Session -4: The next session on Fair Trade Guarantee System and WFTO was chaired by Mr. Johnny Joseph. The speakers included Mr Chitra KC, and Ms. Patwira Narasri, Sustainability Coordinator, WFTO guarantee system.

Mr. Chitra KC requested Ms. Patwira to make her presentation on the Guarantee System. She informed the audience about the genesis of Guarantee system and how it is the equivalent of certification and it opens up new markets.It is based 10 principles of Fair Trade. At present, Fair Trade is being followed by 75 countries and the office of WFTO Asia is based in Thailand with global office in the Netherlands. She shared the details about the membership. There are 3 types of memberships FTO, Fair Trade Organisation; FTN Fair Trade Network; FTSO Fair Trade Support Organisation. To qualify for guarantee system, a company needs to exist for 2 years and be committed to the 10 principles and other prerequisites; the companies are given 2 years to develop strategy and organization. This is followed by peer visit and periodic auditing. There is provision for volunteer internship program and events to promote small and disadvantaged producers. More details about the membership procedure are available on the website: http://www.fairtradeforum.org/

Session on Branding and Market Intelligence with Mr Pradeep Krishnappa, Founder The Ants, and Mr. Mathew John

There have been sustained efforts at branding at the domestic level for securing presence by hiring an external consultant. The key messaging has been around how Fair Trade India Brand benefits peoples, how it has impacted livelihoods by blending commercial value with ethics. Mr. Mathew spoke about the focus on domestic markets and the need for time to communicate the value of the brand and people should be convinced about the value.Mr Pradeep described the efforts at consistent branding for retail business modeland the availability of product lines in all the branded shops. This will help in empowering grassroots artisans, be transparent to the consumer and use FTF as an umbrella brand.He talked about identifying and segmenting the target markets (bulk retailers, corporate markets) and creating a roadmap. He said access to day-to-day data is important for retail to sustain, connecting the brand with the product lines, its value and need for training the staff.The need for the brand resonates with the people through compelling visual communication and use of social media, one-to-one store communication, participate in fair trade exhibitions. He stressed upon how a brand needs to appreciate from members’ brand to consumers’ brand to become successful.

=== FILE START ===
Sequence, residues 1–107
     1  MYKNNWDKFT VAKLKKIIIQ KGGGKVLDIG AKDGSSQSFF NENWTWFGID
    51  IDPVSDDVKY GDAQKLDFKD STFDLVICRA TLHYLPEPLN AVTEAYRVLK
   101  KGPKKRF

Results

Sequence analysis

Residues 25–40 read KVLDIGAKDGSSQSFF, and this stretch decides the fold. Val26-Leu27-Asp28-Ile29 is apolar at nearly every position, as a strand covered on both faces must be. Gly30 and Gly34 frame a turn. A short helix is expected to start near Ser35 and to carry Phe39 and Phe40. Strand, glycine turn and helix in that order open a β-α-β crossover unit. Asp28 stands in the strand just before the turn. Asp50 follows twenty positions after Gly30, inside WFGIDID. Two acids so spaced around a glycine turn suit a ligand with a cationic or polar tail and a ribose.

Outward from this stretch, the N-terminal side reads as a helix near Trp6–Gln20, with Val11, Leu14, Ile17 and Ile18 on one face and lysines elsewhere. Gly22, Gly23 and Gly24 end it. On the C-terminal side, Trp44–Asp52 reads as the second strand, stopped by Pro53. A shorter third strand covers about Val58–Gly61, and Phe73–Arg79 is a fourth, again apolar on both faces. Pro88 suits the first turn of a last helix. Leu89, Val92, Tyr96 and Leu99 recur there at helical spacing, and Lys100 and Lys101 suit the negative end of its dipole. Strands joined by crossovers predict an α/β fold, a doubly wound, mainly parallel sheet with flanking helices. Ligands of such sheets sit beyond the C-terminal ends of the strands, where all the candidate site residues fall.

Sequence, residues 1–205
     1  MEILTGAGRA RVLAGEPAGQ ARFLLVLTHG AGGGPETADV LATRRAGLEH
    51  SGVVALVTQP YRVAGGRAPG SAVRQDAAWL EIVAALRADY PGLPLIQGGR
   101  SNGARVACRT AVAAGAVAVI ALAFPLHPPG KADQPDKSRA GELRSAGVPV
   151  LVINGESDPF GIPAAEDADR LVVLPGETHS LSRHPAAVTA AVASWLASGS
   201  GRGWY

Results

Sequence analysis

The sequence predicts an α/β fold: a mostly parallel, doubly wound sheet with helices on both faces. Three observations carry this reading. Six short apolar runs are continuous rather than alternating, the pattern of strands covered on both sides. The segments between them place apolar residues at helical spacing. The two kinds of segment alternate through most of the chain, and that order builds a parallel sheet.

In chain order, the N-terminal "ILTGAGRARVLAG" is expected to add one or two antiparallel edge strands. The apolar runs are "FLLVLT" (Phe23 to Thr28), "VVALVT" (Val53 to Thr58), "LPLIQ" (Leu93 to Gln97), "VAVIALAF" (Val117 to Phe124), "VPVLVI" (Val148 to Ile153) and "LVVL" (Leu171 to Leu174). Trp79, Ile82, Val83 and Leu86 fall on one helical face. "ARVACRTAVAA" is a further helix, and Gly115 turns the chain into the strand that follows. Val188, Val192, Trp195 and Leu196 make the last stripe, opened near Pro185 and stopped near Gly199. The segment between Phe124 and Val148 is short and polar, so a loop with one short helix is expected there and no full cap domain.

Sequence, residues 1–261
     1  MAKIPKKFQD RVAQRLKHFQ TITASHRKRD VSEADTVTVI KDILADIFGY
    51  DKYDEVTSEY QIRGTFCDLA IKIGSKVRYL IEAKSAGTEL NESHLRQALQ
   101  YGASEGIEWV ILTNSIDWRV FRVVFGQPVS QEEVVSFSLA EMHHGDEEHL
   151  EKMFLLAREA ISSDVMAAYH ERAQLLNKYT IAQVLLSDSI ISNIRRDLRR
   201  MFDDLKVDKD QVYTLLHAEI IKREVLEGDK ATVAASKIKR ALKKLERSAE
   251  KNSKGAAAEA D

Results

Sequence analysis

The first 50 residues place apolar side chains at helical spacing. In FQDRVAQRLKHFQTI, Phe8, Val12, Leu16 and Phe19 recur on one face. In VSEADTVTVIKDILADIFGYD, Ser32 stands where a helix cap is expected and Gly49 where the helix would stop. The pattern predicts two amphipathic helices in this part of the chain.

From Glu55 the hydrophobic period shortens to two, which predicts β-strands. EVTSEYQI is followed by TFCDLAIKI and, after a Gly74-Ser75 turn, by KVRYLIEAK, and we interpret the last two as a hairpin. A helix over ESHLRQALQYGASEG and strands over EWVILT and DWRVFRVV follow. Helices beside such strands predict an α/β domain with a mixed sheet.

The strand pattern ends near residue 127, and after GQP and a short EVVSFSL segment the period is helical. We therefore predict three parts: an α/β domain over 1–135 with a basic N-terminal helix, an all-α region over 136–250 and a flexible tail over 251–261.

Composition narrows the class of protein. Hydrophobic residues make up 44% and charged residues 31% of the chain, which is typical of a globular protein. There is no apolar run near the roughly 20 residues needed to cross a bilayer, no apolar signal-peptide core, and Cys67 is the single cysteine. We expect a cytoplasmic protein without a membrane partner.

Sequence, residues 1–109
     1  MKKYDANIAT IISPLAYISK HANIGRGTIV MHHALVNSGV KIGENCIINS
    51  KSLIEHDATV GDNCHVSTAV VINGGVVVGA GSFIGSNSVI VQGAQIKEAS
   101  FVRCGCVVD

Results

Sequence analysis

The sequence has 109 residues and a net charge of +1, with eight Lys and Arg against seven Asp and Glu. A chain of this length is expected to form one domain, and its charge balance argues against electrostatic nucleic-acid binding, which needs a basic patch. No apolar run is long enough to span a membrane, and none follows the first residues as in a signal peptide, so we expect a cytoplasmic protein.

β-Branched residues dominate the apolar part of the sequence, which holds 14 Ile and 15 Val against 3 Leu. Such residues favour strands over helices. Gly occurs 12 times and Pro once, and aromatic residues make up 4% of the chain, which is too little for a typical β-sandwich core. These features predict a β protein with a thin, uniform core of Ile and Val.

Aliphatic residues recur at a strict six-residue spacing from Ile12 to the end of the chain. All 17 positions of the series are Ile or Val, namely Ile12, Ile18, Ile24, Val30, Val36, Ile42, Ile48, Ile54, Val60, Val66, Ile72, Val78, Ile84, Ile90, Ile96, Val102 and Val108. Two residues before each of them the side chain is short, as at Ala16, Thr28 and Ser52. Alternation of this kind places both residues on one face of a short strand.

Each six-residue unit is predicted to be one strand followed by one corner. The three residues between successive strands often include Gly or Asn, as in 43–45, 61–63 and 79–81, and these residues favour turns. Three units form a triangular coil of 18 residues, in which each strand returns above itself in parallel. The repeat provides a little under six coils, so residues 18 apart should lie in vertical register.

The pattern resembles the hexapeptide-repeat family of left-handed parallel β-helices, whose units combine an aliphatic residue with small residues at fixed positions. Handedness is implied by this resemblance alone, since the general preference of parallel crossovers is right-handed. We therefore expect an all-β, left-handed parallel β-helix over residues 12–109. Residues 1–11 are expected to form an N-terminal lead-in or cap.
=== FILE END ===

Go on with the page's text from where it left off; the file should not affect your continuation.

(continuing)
“Mann ki baat” was short session in seeking the honest opinion and views from the audience. Ms. Roopa Mehta shared her thoughts on how the members should network with government and corporates on their own terms by emphasizing the unique identity of FTF. This is mainly because FTF has successfully created its own space and there is need to be neutral, apolitical and non-religious. Few other members from the audience shared their perspectives and expectations in this session.

The concluding session had Mr. Krishna Sagar Rao, author and motivational speaker engaging the audience in a conversation around the theme of his book “Summit your Everest”.  He narrated the inspiring story about reaching the peak and how it had lessons on overcoming obstacles and failure management, despite adversities how one can have many achievements. He talked about how obstacles can be handled and transformed into opportunities by being a free individual. He also said that, emotional intelligence – personal and professional effectiveness and our thought processes make us unique. He said, “we satisfy our emotions through our actions, every conflict resolutions is connected with emotions – express and impress people”.He talked about the need to balance our feelings, thoughts and emotions

The third day of the conference hosted the Annual general Meeting 2016.


  • To achieve the entrepreneurship levels of 5.4% in India, it was proposed that women’s skill development is critical and emphasis should be given on this aspect.
  • To make skill development aspirational, NSDC can introduce special accredation packages creating new Qualification Packs (QPs) and National Occupational Standards (NOS) which FTF – I can promote amongst its members and partners. Such an initiative can promote self-employment and entrepreneurship amongst them.
  • Fast growth of Yoga and naturopathy as an industry can be leveraged by FTF – I by adopting “act local think global” ideology.
  • Brand Fair Trade India, needs to be made consumers’ brand rather than a member’s brand by highlighting the various aspects of Fair Trade through sensitization programs and identifying the target markets
  • Focus should be on technology to facilitate skill development and improve access to markets through e-commerce. It brings simplicity and transparency to the processes and promotes accountability.